My Daylight Monsters by Sarah Dalton

17 year old Mary Hades sees Things, but are they real?

My daylight monsters

I always thought my demons came out in the day, rather than at night. I’ve never been scared of the dark. I’ve only ever been scared of real things: getting ill, having injections, physical pain… death. Those are my monsters, not ghosts or vampires or whatever else can hide under your bed at night. 

I was wrong. 

The dark makes everything worse. 

When 17-year-old Mary Hades is admitted by her parents to a psychiatric unit, her worst nightmares are confirmed. How can she get better in a place that fills her with dread? Her friendships with the other patients — her wacky roommate Lacey, her protector Mo, and the mysterious, green-eyed Johnny — begin to fill her with hope, until she realizes that people in the hospital are dying without explanation. Something sinister stalks the corridors, and it’s up to Mary to stop it. But the closer she gets to the answer, the more perilous her situation becomes, and Mary discovers the only way to get out alive is to confront the things that scare her most. 


Secondary Genre: FICTION / Horror

Language: English


Word Count: 30000

Sales info:

My Daylight Monsters is part of the Kindle Single programme and has been chosen by Amazon to be promoted. It has sold over 4000 copies across all sales venues. Current Amazon ranking:

#62,696 Paid in Kindle Store (See Top 100 Paid in Kindle Store)

#80 in Kindle Store > Kindle Singles > Fiction

Sample text:

We all have morning rituals, don’t we? I wake earlier than my parents; shower, dress, go downstairs and make a cup of tea. There, in the still silence of morning, I stand by the kitchen sink and stare out of the window, with my tea in hand. Some mornings the sunlight warms my face as it streams through the glass, and everything seems clear—even if it only lasts for a little while. My mind is peaceful.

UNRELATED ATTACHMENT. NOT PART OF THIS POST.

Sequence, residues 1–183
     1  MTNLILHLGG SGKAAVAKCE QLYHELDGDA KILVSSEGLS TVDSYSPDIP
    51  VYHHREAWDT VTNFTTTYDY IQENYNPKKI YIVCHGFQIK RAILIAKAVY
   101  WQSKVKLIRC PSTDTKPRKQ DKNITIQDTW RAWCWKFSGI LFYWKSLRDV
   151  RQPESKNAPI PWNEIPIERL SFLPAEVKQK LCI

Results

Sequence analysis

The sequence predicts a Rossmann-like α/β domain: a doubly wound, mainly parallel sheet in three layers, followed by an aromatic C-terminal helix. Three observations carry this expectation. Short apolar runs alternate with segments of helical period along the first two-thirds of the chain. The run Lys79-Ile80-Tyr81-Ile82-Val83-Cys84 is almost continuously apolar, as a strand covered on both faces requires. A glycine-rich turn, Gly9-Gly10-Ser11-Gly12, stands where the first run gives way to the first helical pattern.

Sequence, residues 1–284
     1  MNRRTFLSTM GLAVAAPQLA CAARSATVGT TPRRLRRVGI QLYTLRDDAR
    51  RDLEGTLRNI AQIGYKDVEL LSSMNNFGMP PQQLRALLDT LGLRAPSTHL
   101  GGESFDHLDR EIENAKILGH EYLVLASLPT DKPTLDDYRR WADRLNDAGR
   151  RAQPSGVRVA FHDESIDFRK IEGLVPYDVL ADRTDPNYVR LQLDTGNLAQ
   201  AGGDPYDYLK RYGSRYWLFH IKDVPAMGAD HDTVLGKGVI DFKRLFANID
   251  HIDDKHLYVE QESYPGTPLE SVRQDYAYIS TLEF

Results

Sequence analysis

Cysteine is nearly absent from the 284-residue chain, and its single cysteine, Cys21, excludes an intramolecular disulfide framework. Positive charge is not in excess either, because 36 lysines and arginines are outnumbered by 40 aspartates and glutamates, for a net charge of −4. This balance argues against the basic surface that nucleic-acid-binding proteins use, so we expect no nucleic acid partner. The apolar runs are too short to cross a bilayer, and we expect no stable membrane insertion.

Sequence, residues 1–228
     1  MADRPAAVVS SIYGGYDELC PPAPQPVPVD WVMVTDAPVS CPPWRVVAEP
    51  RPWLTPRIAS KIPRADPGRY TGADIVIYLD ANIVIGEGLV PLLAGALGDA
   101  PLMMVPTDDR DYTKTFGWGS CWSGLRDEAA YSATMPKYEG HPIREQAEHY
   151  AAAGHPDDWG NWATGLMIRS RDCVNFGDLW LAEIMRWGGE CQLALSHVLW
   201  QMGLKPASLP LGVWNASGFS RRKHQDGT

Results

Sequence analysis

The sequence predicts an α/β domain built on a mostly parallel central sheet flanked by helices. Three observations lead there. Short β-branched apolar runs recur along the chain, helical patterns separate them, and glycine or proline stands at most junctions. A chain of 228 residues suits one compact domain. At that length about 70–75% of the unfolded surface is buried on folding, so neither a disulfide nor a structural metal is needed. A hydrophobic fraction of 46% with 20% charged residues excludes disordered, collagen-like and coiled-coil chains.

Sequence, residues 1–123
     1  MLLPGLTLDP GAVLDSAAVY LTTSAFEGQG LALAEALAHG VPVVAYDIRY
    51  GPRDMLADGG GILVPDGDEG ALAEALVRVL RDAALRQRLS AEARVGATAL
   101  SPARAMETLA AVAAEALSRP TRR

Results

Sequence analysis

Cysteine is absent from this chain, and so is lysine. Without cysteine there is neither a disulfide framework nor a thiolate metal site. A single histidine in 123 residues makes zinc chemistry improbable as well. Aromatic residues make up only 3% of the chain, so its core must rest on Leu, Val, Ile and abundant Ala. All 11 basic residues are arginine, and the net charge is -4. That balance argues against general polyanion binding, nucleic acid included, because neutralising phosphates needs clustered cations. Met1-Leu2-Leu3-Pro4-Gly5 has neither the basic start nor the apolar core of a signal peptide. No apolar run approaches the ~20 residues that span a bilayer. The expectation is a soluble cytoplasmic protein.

We have a wide-reaching view from the kitchen as our house sits near the summit of a hill. On our street the terraced houses rise from the valley in a higgle-piggle of difference heights and chimney lengths, window sizes and coloured bricks. Our neighbour even has a kitchen extension, attached to the back like a Lego piece stuck on by a child.

  I survey the garden. It slopes down as the hill fades away to the flattened park beyond, which slowly slopes into tennis courts and reaches towards the playground, before finally dipping to the duck pond. Beyond that lies a patchwork of streets. Beyond the streets there are lines of identical trees—like an infantry on-guard—and even further toward the horizon is the hospital.

My eyes are drawn to the main building, a high-rise of stories reaching upwards from the maze of pavements, outbuildings and car-parks; the tallest building for miles. Clad with cold grey concrete, decaying and dirty, I feel as though it somehow looks back at me, challenging me. 

On a normal day I stand by the kitchen sink sipping my tea, enjoying the morning calm. The hospital doesn’t bother me. In fact, I get a sense of triumph knowing that I’m safe and well, that today I don’t have to go anywhere near it. I can live my life as normal, without having to even think about what happens inside that formidable grey building.


Book translation status:

The book is available for translation into any language except those listed below:

Already translated. Translated by Jennifer Joffre
Author review:
Thanks so much for all your hard work!
Already translated. Translated by Francesca Marrucci
Author review:
Francesca is hardworking, thorough, and a great communicator. She works hard at promoting the book once it is translated and is a pleasure to work with!
Already translated. Translated by Aranzazu Sanchez
Author review:
Aranzazu is a fast and professional translator who is very communicative and a great person to work with. Thank you for your hardwork!

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